One Pundit’s take on Stephen Strasburg

Of the big 4 sports, Baseball would easily be the one I follow the least. I never really grew up as a baseball fan, since there was no team in Washington DC growing up. I followed the Orioles through friends who were fans, but they never felt like “my team.”

By the time the Expos moved to DC and became the Nationals, my formative years of fandom had already passed, and my allegiances to the Redskins, Capitals, and (to a lesser extent) the Wizards were already well established.

I took to the Nationals the way you’d take to your wife, whom you’d love unconditionally, rescuing a morbidly obese and painfully unfriendly cat (when you’ve grown up with dogs your whole life), who has never been potty trained, and thus poops all over the house (or is annually in contention for losing 100+ games): you’re supposed to like it, you want to try and like it, you try your best to like it, you go out of your way to try and like it, but in the end, it’s just really hard to like it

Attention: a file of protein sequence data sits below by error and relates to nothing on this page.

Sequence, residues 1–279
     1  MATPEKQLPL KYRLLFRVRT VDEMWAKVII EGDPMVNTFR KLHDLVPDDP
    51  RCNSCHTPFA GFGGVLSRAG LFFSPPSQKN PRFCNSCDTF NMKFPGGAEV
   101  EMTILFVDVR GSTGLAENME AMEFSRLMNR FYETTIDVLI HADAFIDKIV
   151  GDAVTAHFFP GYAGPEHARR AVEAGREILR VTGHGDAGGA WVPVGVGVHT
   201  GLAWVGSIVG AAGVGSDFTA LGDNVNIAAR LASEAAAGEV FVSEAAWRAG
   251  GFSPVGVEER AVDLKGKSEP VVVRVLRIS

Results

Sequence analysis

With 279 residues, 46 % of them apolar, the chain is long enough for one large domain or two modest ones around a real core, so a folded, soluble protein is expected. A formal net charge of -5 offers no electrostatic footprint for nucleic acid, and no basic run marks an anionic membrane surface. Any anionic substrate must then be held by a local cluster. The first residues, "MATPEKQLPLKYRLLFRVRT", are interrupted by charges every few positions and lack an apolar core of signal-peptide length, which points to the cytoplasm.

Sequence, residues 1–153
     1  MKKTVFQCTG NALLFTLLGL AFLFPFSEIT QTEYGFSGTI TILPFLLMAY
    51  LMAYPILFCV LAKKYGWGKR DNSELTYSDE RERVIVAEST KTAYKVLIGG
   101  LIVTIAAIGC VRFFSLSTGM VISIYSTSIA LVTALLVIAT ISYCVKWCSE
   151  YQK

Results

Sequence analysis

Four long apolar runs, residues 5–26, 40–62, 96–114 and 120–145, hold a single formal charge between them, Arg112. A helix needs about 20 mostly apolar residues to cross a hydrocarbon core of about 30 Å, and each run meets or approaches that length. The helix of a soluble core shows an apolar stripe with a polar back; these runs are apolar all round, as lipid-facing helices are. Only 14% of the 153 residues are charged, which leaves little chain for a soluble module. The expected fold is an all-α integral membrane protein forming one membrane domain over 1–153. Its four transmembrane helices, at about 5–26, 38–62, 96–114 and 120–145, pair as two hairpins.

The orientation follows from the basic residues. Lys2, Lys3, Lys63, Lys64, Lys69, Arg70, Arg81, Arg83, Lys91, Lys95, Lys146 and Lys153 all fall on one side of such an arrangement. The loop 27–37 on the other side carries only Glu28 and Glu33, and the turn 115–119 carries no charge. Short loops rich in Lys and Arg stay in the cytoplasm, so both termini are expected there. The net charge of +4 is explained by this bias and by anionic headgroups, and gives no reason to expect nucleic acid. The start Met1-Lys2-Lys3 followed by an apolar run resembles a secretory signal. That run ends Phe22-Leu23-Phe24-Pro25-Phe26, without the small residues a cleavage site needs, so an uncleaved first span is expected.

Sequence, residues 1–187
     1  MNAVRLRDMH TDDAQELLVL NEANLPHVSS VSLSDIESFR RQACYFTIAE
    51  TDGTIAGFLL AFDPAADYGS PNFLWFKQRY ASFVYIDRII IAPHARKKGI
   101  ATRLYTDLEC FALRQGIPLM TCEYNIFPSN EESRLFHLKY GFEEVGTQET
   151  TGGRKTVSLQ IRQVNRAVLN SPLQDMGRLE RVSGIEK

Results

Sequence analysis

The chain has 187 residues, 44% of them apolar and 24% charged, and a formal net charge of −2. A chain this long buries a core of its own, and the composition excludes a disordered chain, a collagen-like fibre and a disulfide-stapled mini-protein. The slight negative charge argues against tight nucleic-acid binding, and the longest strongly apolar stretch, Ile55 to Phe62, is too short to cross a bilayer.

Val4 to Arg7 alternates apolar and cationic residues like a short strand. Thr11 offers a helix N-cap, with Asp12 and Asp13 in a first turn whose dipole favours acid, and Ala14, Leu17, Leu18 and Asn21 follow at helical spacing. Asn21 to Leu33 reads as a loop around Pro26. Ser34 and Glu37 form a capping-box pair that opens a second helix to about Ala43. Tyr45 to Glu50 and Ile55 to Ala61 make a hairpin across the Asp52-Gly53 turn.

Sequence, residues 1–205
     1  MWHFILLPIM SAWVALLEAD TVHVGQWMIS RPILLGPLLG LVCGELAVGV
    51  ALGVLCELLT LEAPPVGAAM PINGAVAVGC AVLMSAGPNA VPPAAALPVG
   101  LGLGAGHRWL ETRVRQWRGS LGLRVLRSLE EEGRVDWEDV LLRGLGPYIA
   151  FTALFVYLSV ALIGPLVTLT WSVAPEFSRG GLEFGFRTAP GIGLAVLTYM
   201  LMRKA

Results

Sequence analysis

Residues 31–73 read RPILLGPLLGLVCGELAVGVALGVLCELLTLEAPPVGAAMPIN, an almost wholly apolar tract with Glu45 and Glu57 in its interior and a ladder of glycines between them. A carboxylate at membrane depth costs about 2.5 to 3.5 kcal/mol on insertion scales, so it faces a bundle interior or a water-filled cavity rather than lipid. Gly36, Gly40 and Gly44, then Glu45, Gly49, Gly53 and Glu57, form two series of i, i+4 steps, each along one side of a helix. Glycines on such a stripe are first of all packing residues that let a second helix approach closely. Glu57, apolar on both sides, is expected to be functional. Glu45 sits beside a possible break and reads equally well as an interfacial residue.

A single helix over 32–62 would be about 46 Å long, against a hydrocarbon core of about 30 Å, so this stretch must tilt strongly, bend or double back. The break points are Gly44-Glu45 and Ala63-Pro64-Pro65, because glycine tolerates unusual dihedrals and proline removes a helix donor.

But being a DC guy through and through, I still want to like it.

So when your (new) hometown team has a player being hailed as a “once in a generation” pitching prospect with some unprecedentedly nasty stuff for his age, it re-energizes an entire fan base, and sucks back in those fans who want a team to root for but were tired of throwing their hands up in disgust over.

And as proven by the likely record ratings that the Nationals got for his first spring training start, so does the rest of this city. I’m sure plenty of DC baseball fans, starving for a hometown winner, made time out of their schedule to watch Strasburg’s first start, just in case this guy, one day, lives up to the hype. You want the chance to say “I was there at the beginning.” I personally never got to see Nolan Ryan or Roger Clemens in their prime, and I was a bit too young (and disinterested in baseball) to really appreciate the mastery of Pedro Martinez, so this is also my chance for redemption.